As I have said earlier, I will argue against Wysktra’s sceptical theism that, even if there is an unbridgeable gap between human knowledge and divine knowledge, it is still more pragmatically rational to think that (1) is having a higher probability. Wykstra thinks that it is more rational to believe that every evil is necessary because they will serve a better good, which is unknowable to us because of our cognitive limitation. It seems to me from this claim that it is actually okay to let sufferings happen, no matter how outrageous they are, because there is one thing that we can be rationally justified to be sure of, which is the suffering will lead to a greater good. The consequence of this mindset will generate less motivation for us to actually be proactive in preventing such suffering. What I mean is that if it is more rational to believe that every suffering all serves a greater good, then there is no motivation or no point in the fact that Bill Gate or Mark Zuckerberg have already been spending millions of dollars on research to invent the cure for naturally caused disease such as malaria that has caused pointless suffering for millions of children on earth. Or there will be less motivation for research on weather forecasting to prevent natural disaster results from a tsunami. Even if we are bounded by our cognitive limitation to comprehend the greater good that only knowable to God, it is more pragmatically rational for us to believe in (1) because it helps us to appeal to ourselves, our own ability to solve our own problem. Let’s think of an infant terribly suffering during a tsunami, if we think that the suffering is pointless, it will create more motivation for us be more proactive in inventing technology, scientific methods to prevent such horrendous pointless suffering from happening again. Given the speed of current advancement in technology, we will get to better understand our world without appealing to an explanation from God. There may be a time in future that we come to acknowledge that there is no greater good generated from the suffering of a child being tortured, or a baby suffered from the tsunami. Therefore, I believe that it is more pragmatically rational to believe in (1) because it would be detrimental to believe in (1*).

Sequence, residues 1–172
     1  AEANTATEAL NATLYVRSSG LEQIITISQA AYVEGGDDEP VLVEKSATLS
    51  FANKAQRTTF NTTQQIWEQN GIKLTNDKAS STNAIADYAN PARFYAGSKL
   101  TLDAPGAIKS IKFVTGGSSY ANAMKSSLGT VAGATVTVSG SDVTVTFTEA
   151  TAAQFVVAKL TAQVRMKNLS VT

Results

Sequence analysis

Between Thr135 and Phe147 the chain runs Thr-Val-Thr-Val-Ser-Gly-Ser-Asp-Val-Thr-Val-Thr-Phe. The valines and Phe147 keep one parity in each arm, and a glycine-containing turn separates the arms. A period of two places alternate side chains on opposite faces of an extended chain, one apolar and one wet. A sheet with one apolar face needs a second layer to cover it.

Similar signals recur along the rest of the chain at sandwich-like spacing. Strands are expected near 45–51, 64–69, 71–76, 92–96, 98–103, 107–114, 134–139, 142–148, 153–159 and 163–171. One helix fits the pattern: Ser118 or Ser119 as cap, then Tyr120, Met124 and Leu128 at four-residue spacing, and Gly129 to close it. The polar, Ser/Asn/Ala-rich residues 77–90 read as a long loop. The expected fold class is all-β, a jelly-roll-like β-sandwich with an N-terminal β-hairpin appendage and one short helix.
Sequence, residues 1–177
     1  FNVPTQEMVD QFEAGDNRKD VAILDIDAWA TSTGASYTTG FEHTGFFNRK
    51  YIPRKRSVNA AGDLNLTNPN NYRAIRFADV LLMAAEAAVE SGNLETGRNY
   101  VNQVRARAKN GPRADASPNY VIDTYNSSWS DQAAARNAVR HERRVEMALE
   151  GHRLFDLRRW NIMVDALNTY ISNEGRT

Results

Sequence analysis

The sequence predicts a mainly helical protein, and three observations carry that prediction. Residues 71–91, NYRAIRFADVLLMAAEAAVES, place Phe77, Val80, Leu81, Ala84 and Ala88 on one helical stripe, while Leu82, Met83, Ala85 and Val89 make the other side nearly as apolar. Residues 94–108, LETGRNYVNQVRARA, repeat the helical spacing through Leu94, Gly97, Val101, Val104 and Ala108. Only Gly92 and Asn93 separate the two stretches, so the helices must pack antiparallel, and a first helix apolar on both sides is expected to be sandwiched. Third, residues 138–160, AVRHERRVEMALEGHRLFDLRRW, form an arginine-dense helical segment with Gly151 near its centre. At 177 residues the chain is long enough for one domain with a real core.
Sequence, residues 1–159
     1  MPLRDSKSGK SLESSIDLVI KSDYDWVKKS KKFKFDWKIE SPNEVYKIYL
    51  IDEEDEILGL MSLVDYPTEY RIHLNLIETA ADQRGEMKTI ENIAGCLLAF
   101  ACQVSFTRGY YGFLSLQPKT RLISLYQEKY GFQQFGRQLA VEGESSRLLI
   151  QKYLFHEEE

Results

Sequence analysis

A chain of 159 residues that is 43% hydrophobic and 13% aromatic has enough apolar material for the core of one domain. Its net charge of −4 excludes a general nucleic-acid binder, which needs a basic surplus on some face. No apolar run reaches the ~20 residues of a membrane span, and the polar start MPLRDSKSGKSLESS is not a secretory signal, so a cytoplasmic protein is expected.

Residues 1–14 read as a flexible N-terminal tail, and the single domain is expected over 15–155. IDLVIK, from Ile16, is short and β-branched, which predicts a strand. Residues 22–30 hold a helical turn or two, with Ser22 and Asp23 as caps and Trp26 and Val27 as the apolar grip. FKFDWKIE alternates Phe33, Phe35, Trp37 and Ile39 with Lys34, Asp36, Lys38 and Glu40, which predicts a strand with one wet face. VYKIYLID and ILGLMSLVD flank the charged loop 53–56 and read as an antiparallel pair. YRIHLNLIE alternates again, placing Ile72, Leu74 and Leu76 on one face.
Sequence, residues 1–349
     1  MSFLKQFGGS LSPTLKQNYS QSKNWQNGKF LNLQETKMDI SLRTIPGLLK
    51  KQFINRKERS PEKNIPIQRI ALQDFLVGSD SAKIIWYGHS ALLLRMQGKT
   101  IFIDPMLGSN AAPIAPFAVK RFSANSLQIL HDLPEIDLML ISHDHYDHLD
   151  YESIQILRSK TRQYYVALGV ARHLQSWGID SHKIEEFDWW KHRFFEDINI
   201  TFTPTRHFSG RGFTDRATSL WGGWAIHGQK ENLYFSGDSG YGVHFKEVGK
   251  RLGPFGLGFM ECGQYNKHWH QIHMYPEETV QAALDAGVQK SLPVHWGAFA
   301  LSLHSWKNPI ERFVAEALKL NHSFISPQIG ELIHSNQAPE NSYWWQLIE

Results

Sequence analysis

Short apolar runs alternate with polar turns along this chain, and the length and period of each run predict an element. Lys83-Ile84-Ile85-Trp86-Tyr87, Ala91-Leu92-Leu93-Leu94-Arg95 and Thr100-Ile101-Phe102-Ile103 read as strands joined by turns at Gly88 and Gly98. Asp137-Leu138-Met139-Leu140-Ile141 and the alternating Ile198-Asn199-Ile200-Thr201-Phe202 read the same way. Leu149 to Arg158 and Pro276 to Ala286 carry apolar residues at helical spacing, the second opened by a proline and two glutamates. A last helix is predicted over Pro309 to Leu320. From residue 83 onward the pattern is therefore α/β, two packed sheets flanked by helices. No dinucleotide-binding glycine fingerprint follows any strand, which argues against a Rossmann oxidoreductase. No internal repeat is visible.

In conclusion, I have argued against Wykstra’s skeptical theism and provide reasons why it is more pragmatically rational to believe in (1) even given our present cognitive limitation to comprehend the greater good hidden from the suffering that is only knowable by God